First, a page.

One Moment in Time: The 2000 NBA Slam Dunk Contest
Posted by Andrew Unterberger on February 12, 2010
If there was one sporting event from the 2000s that I wish I could have seen live, this probably would be it. I don’t even mean live as in live in person at Oracle Arena–although undoubtedly that would have been especially righteous–but rather, just watching it at home on TV as it was happening. Not being much of an NBA fan at the time, I obviously didn’t see it until much, much later, by which point I had heard about it so much that I figured actually watching it so far after the fact would be extremely underwhelming. Not so. When I finally saw the 2000 NBA Slam Dunk Contest on an NBA TV marathon rebroadcast of every Slam Dunk Contest in history (God bless NBA TV for doing this every year, by the way), it still had me jumping out of my desk chair. You can take your World Series comebacks, your Super Bowl upsets, your potential Triple Crown winners. Give me Vince Carter and a windmill 360.
Despite perpetual accusations of over-hype, I think the Slam Dunk Contest might still be one of the most underappreciated events in all of pop culture. Where else in pro sports are you going to find anything even remotely like this? I mean, sure, there are plenty of other individual skill competitions, but none like the Slam Dunk Contest. None where players are asked to perform what is, in essence, the simplest task one can complete on the court–to simply deposit the ball into the basket, using no skill but height, vertical leap and knowledge of how gravity works–but to use whatever athletic talent and mental ingenuity they possess to make that task seem as difficult as humanly possible. So dunkers are called on to deploy their gifts to negate the basic nature of the task–to use marginal height, to leap more horizontal than vertical, to attempt to deny the laws of gravity. It’s the one time in sports that athletes get to display something close to legitimate artistic self-expression. The canvas may seem limited–after all, how many ways can you put a ball in a basket–which invariably leads to pundits declaring the Slam Dunk Contest “dead” every two or three years (only to declare it “back” every two or three OTHER years). But players keep finding new difficulties, new dares, even new on-court dramas to bring to the proceedings, leaving it never less than riveting. Simple-minded, single-goal-oriented contests like the home-run derby and the three-point shootout, while still viscerally exciting, end up seeming somewhat shallow by comparison.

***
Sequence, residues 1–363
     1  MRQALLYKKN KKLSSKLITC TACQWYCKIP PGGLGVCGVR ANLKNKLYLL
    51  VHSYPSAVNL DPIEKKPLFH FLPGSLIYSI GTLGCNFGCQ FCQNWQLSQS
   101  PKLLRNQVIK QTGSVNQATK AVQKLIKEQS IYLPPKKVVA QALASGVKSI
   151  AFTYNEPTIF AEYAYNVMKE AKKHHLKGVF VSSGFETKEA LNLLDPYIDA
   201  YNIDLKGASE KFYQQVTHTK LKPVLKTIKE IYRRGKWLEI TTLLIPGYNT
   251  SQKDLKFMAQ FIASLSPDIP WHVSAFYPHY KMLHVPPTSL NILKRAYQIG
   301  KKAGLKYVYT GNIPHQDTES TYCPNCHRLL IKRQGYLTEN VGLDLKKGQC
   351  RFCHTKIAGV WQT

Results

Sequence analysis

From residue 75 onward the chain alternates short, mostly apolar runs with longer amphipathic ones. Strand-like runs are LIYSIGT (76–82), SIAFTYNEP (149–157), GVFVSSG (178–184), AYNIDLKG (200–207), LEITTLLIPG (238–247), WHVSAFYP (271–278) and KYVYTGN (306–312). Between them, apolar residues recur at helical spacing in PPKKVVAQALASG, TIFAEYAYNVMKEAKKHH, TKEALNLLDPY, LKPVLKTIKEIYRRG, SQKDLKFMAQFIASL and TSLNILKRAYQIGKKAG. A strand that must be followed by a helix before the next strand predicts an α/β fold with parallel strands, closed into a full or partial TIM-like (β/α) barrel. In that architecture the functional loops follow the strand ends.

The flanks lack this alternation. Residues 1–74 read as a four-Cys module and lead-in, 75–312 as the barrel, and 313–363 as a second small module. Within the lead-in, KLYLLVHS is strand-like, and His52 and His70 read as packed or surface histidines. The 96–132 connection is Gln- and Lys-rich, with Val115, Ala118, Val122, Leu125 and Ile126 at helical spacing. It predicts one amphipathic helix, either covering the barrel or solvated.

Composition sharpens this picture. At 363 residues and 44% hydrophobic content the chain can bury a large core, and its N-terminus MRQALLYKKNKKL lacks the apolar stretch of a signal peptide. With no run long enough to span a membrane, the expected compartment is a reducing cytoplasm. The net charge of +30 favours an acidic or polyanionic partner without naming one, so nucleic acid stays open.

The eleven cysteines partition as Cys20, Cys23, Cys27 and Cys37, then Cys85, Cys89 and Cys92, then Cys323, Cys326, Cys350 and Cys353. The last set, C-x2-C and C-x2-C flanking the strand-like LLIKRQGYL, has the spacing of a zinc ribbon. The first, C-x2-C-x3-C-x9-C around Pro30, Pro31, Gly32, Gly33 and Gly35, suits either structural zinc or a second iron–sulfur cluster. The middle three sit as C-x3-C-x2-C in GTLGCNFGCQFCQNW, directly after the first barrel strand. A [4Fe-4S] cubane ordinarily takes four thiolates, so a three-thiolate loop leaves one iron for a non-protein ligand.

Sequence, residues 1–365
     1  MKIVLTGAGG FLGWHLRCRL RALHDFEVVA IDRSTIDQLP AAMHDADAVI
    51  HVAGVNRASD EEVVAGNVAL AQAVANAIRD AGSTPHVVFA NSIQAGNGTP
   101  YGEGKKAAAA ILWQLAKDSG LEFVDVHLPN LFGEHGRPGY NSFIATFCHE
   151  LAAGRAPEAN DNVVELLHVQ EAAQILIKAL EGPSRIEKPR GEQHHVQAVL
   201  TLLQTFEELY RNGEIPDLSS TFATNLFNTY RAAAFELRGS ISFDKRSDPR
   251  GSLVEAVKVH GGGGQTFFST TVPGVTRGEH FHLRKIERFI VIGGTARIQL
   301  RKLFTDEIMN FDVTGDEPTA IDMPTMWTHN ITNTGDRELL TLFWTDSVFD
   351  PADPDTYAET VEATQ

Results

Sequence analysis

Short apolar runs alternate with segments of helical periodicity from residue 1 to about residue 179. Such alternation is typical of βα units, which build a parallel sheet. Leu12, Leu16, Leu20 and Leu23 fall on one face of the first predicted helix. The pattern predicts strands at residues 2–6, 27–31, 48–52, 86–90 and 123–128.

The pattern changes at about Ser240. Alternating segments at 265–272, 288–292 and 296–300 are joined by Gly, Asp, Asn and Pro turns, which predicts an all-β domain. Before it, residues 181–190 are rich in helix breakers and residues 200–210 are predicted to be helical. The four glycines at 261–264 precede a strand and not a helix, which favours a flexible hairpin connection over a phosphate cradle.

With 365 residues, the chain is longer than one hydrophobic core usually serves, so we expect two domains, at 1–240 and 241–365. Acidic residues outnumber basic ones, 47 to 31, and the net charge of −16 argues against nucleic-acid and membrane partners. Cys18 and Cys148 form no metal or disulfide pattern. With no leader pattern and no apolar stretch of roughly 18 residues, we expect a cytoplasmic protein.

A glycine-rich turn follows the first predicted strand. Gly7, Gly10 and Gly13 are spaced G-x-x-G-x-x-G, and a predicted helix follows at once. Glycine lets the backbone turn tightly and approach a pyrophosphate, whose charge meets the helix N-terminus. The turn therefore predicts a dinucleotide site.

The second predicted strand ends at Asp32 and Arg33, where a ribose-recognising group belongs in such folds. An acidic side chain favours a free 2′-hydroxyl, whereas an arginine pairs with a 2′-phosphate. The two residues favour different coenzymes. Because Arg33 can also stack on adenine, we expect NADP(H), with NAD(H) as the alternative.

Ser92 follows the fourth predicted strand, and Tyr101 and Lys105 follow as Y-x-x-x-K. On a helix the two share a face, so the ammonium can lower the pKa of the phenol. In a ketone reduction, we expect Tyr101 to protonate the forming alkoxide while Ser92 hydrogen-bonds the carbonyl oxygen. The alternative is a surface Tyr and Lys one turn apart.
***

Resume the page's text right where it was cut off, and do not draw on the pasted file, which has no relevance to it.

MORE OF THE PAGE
And that’s not to say that the slam dunk contest isn’t visceral itself. The beauty of the competition is that it combines showmanship and artistry with the pure, heady rush of straight scoring–like an NFL receiver contest that judged competitors for their combined touchdown reception and celebratory dance. (Why couldn’t they do this at the Pro Bowl, by the way. On this combined level, no dunker this decade could match Vince Carter at the contest ten years ago today. He was stunning in motion, immaculate in execution, and absolutely incendiary in conclusion. His hold over the Oracle Arena crowd that night was like a preacher at a gospel revival, with each dunk a new moment of revelation. Three dunks he had that night–the windmill 360, the through-the-legs off the bounce, and the hanger in the rim–would easily rank among the top ten dunks in Contest history, if not (as either Kenny Smith or Reggie Miller suggests in the original broadcast) the top five. The last one I find to be particularly special, since it eschewed the typical roof-raising effect of 99% of great dunks by leaving fans so stunned–it was such an alien sight to see VC still up by he basket seconds after the dunk, somehow dangling by the elbow,, that I don’t think most people even realized what he had done at first–that they were dead quiet, their mouths too frozen agape to make much noise. It’s a particular scene that no regular-season or even post-season performance could ever quite compare to.